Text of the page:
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Thursday, March 16, 2000

Fear overuse of antibiotics as infections increase

It's been more than 30 years since the problem of multiple-drug-resistant (MDR) bacteria was first highlighted, and the problem is more pressing than ever, said Arlen D. Hanssen, MD, Associate Professor of Orthopaedics at Mayo Clinic, Rochester, Minn.

Speaking at an instructional course on emerging viral and bacterial infections, Dr. Hanssen described a "vicious cycle" of bacterial resistance in which physicians, fearing MDR bacteria will develop, use antibiotics inappropriately, thus increasing the likelihood of bacterial resistance. In turn, this leads to the use of even more antimicrobials and new patterns of resistance.

"We, as orthopaedists, need to figure out what we can do to prevent this," he said. "We need to understand how to properly use antibiotics and pay attention to the standards and restriction policies in place."

Don't count on drug companies to solve the problem with newer and more expensive agents. Pharmaceutical manufacturers are becoming disenchanted with the prospect of developing drugs when resistance could quickly render them obsolete. Instead, Dr. Hanssen said, physicians themselves need to adopt quality standards and learn to avoid mistakes.

Some of the common misuses of antibiotics include: prolonged prophylaxis, failure to narrow the spectrum of antimicrobial activity after establishing diagnosis, and prolonged empiric treatment of a patient who is febrile but not clearly infected.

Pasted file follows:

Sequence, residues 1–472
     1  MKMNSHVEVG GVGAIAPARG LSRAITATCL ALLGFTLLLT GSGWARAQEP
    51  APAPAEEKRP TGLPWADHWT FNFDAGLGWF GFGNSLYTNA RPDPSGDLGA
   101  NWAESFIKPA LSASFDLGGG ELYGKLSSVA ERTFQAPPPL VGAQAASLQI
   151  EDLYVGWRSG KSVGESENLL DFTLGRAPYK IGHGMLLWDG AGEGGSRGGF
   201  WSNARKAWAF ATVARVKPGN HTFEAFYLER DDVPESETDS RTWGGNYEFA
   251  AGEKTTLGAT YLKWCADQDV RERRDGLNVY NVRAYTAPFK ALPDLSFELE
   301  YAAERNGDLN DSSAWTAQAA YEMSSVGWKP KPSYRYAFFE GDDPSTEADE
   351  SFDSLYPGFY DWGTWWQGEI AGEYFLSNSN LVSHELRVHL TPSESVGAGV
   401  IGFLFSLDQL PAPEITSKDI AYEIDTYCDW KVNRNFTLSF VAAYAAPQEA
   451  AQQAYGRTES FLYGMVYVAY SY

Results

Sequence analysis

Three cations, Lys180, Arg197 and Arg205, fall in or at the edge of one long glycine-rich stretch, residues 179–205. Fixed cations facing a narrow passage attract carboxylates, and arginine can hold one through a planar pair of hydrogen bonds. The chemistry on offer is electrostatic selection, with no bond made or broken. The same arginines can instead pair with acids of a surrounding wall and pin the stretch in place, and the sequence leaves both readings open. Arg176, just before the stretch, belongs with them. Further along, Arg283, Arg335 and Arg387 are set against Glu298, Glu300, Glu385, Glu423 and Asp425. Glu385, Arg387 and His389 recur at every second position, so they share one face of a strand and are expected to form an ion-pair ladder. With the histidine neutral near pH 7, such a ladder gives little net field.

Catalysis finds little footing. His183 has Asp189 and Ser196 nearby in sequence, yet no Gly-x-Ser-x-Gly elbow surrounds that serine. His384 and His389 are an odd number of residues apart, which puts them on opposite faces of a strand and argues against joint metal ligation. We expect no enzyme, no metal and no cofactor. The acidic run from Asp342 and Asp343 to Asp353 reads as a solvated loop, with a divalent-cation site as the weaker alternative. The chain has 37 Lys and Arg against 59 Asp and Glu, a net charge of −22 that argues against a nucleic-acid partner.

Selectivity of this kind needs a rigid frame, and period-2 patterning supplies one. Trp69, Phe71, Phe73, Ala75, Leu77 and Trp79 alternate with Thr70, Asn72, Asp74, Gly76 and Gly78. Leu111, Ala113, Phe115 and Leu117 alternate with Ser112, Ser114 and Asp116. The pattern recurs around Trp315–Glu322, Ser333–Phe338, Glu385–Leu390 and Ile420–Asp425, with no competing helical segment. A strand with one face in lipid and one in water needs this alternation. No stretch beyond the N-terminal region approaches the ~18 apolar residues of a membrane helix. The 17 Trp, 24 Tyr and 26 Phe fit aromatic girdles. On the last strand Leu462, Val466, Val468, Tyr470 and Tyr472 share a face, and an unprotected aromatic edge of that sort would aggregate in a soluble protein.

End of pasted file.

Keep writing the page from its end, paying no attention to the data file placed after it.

Yet another common problem leading to resistance is the overuse of certain drugs. Dr. Hanssen decried the widespread administration of vancomycin, which he termed a "very weak" antibiotic compared to others. "There is a huge misconception in the orthopaedic community that this is the big gun," he said. "It's not-it's a water pistol."

At Mayo Clinic, Dr. Hanssen and colleagues have aggressively reduced use of vancomycin, favoring other antimicrobials instead. "We have very few reasons to use it anymore," he said.

Using antibiotics properly is not the only way orthopaedic surgeons can reduce the risk of infection for their patients. When using bone and tissue allografts, orthopaedists should take care that they were acquired following guidelines and standards that have evolved, said Gary E. Friedlaender, MD, Professor and Chair of Orthopaedics at the Yale University School of Medicine.

Retrospective studies have found rates of allograft-related infections approaching 4 percent, and in massive bone grafts, bacterial infection rates of nearly 12 percent have been reported, according to data presented at the AAOS instructional course.

The American Association of Tissue Banks has evolved guidelines that focus on consent, past medical history, examination, and a variety of lab tests.

"Musculoskeletal allografts are safe for our patients if they are obtained using guidelines," said Dr. Friedlaender, a former president of that association. "I would urge you to obtain them from banks that follow them. One way to do that is to make sure they are inspected and accredited."

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Last modified 16/March/2000 by IS